Jesus and the Jewish leaders were reading the same Scriptures!  But Yeshua could see what the leaders would not.  Many leaders did come to faith, like Nicodemus and Joseph of Arimathea (see John 19:38-39).  Most did not.  Those that didn’t led the rest of Israel on the wrong path.

  • When the temple (the center of the sacrificial system by which Israel and Israelites could have atonement) is destroyed, then the question came:  how now can the Jewish people atone for their sins?
  • Then the Jewish leaders made new rules:
    • rules that took the temple out of the equation
    • rules that determined other means of atonement.

And so, by the 5th Century, when the Talmud was finally codified:

  • there was a whole system of law that included atonement for sin
  • but not by the standard of God (i.e. not through the sacrifice of the Suffering Servant Messiah, Yeshua)

My friend, Yeshua is not the Messiah of the Gentiles but the Messiah of Israel.  If you want to enter into the Olam Habah (to have eternal life with God our Father), you must believe in Him!

Contact us, and let us tell you how.  We would be happy to give you, free of charge, a book that tells you how twelve rabbis did just that.

Contributed by Daniel Muller, a Jewish believer and the General Director of New Covenant Forum.

Posted in Biblical Interpretation, Daniel Muller, Following God, Jesus and Israel, Jesus and Jews, Jewish Identity, Jewish Tradition, Jews and Jesus, Messiah in the Tanach, Redemption, Resurrection, Salvation, Talmud vs. Tanakh | No Comments »

The Bible at its Word

August 23rd, 2013

“For I am not ashamed of the gospel, for it is the power of God for salvation to everyone who believes, to the Jew first and also to the Greek [Gentile].” (Romans 1:16)

If a person believes in Jesus as proclaimed in the B’rit Hadashah (New Testament), that person can then read the Tanakh (Hebrew Scriptures or Old Testament) at its word.  The two parts of the Bible are seen to be complimentary, cohesive, consistent and correct.  The Word of God, taken at its word, then becomes a testimony to its own miraculous existence and, consequently, to the glory of God: to His wonderful plans, promises and faithfulness.

If a person will not believe in Jesus as presented in the B’rit Hadashah, then one must read into the Tanakh in order to make it work (as the sages and rabbis have done).  Then the Hebrew Scriptures cannot be taken at its word: they are seen to be confusing and, in many places, untrue.  The Word of God becomes full of contradiction and inconsistencies that testify to its being not of God but of humanity and, therefore, mundane – no different than any other religious book proclaiming truth.  The Scriptures then contain no or, at best, questionable testimony to the truth of God.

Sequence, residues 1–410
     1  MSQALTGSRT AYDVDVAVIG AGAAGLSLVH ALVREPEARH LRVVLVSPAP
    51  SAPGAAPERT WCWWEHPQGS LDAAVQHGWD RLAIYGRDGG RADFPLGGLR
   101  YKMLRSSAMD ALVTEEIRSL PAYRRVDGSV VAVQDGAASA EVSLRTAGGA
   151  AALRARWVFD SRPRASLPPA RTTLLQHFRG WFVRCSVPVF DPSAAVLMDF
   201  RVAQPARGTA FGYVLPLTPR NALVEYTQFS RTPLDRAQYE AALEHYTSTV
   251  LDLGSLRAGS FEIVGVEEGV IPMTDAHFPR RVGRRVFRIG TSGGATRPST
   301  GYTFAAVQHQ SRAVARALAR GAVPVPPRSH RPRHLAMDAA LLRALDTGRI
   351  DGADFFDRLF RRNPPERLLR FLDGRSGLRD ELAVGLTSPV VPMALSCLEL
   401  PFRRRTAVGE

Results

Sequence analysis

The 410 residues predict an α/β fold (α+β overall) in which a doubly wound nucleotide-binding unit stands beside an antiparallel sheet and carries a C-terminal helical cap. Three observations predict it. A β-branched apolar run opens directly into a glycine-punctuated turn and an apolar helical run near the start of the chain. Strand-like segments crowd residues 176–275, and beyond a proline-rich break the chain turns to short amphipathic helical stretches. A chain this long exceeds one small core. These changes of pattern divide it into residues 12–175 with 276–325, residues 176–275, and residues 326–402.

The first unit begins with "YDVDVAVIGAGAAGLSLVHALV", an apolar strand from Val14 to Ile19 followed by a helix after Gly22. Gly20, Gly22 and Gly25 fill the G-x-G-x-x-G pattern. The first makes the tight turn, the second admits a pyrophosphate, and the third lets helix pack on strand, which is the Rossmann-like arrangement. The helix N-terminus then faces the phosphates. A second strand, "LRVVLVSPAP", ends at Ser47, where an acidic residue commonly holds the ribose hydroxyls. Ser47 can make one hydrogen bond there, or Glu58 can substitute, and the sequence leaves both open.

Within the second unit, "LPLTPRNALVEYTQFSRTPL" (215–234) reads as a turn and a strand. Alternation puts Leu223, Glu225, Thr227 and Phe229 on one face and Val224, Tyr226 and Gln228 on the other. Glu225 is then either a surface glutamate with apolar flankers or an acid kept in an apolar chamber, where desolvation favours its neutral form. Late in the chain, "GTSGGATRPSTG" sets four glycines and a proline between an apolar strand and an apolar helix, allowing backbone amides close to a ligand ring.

It would seem to me that the existence of the miracle trumps the assumption of the mundane.  That is why I know that the whole Bible from Genesis to Revelation is true and can be taken at its word.

“For in it [the Gospel] the righteousness of God is revealed from faith for faith, as it is written, ‘The righteous shall live by faith.’” (Romans 1:17)

Contributed by Daniel Muller, a Jewish believer and the General Director of New Covenant Forum.

Posted in Biblical Interpretation, Daniel Muller, Knowing God, Some Words and Thoughts, The Bible | No Comments »

Don’t Be Blinded!

April 5th, 2013

“Jesus left the temple and was going away, when his disciples came to point out to him the buildings of the temple. But he answered them, ‘You see all these, do you not? Truly, I say to you, there will not be left here one stone upon another that will not be thrown down.’”(Matthew 24:1-2)

Yeshua (Jesus) is here speaking about the events that would occur in 40 years: the destruction of the Second Temple in Jerusalem.  He had just finished condemning the Jewish religious leaders in Matthew 23 where he calls them blind guides.  It is passages like these that cause many Jewish leaders today to call the Gospel of Matthew anti-Semitic.